University Graduate Attribute Course Learning Outcome(s) Knowledge and understanding of the content and techniques of a chosen discipline at advanced levels that are internationally recognised. 1 The ability to locate, analyse, evaluate and synthesise information from a wide variety of sources in a planned and timely manner. 2, 3 An ability to apply effective, creative and innovative solutions, both independently and cooperatively, to current and future problems. 4, 5 Skills of a high order in interpersonal understanding, teamwork and communication. 3, 6 A proficiency in the appropriate use of contemporary technologies. 4 A commitment to continuous learning and the capacity to maintain intellectual curiosity throughout life. 7 A commitment to the highest standards of professional endeavour and the ability to take a leadership role in the community. 6, 7 An awareness of ethical, social and cultural issues within a global context and their importance in the exercise of professional skills and responsibilities. 6, 7
Required ResourcesIntroductory and more advanced references will be provided.
Recommended ResourcesIntroductory and more advanced references will be provided.
Online LearningOnline references will be provided.
Learning & Teaching Activities
Learning & Teaching ModesLectures and seminars or tutorials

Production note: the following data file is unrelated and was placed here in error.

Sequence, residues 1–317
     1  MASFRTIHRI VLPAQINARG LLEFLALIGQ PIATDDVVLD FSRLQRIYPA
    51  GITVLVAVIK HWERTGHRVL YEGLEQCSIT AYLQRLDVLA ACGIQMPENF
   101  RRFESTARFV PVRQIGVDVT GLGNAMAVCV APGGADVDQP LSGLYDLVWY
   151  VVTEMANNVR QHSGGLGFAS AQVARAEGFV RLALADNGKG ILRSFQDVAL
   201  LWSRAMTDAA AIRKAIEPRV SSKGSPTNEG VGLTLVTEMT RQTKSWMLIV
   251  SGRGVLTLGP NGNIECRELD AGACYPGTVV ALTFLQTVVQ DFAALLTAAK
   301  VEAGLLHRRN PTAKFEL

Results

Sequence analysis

The information below is provided as a guide to assist students in engaging appropriately with the course requirements.Lectures and seminars/tutorials per week totalling 3 hours.
Reading per week (set & recommended texts): 3 hours
Preparation for lecture/seminar/tutorial per week: 3 hours
Assessment tasks preparation each week: 3 hours
Total per week = 12 hours
12 weeks of course: 12 x 12 hrs = 144 hours in total for semester
Learning Activities SummaryLectures and seminars/tutorials including online engagement
Small Group Discovery ExperienceSmall group activities included
The University's policy on Assessment for Coursework Programs is based on the following four principles:
- Assessment must encourage and reinforce learning.
- Assessment must enable robust and fair judgements about student performance.
- Assessment practices must be fair and equitable to students and give them the opportunity to demonstrate what they have learned.
- Assessment must maintain academic standards.
Assessment SummaryEssays and Coursework
Assessment Related RequirementsAttendance, participation, assessment tasks, coursework
Assessment DetailAttendance, participation, assessment tasks, coursework
SubmissionSee Philosophy Handbook
Grades for your performance in this course will be awarded in accordance with the following scheme:
M10 (Coursework Mark Scheme) Grade Mark Description FNS Fail No Submission F 1-49 Fail P 50-64 Pass C 65-74 Credit D 75-84 Distinction HD 85-100 High Distinction CN Continuing NFE No Formal Examination RP Result Pending
Further details of the grades/results can be obtained from Examinations.
Grade Descriptors are available which provide a general guide to the standard of work that is expected at each grade level. More information at Assessment for Coursework Programs.
Final results for this course will be made available through Access Adelaide.
The University places a high priority on approaches to learning and teaching that enhance the student experience. Feedback is sought from students in a variety of ways including on-going engagement with staff, the use of online discussion boards and the use of Student Experience of Learning and Teaching (SELT) surveys as well as GOS surveys and Program reviews.